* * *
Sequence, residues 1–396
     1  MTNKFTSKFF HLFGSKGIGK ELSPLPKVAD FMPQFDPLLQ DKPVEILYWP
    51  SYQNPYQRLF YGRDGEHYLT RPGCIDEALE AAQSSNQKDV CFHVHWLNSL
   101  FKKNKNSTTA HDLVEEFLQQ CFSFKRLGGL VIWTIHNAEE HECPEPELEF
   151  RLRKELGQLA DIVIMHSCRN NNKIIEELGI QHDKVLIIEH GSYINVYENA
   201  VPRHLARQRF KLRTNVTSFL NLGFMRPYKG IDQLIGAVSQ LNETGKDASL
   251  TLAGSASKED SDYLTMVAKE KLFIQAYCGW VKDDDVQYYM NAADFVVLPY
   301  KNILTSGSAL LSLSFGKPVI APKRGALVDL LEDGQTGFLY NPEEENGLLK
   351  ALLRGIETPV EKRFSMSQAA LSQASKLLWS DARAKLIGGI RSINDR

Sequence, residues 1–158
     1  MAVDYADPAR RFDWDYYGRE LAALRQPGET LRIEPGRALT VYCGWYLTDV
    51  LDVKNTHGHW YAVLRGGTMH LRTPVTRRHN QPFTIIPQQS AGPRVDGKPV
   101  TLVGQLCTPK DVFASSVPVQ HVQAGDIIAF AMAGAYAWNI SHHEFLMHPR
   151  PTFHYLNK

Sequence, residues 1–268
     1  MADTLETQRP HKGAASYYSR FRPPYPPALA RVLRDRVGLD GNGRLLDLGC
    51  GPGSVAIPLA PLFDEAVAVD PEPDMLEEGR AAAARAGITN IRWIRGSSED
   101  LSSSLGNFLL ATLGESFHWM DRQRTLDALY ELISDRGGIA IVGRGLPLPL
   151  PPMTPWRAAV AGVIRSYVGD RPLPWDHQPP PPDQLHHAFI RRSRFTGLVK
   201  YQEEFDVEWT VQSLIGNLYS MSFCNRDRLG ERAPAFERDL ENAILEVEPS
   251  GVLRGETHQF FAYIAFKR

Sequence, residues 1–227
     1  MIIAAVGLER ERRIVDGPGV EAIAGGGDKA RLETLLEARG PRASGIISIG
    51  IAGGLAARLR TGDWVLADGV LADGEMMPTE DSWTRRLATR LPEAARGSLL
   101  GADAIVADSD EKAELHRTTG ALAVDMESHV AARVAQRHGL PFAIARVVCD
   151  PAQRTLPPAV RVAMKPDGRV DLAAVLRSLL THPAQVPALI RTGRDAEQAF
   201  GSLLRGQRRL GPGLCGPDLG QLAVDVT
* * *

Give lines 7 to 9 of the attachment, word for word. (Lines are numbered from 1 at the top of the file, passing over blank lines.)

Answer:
   251  TLAGSASKED SDYLTMVAKE KLFIQAYCGW VKDDDVQYYM NAADFVVLPY
   301  KNILTSGSAL LSLSFGKPVI APKRGALVDL LEDGQTGFLY NPEEENGLLK
   351  ALLRGIETPV EKRFSMSQAA LSQASKLLWS DARAKLIGGI RSINDR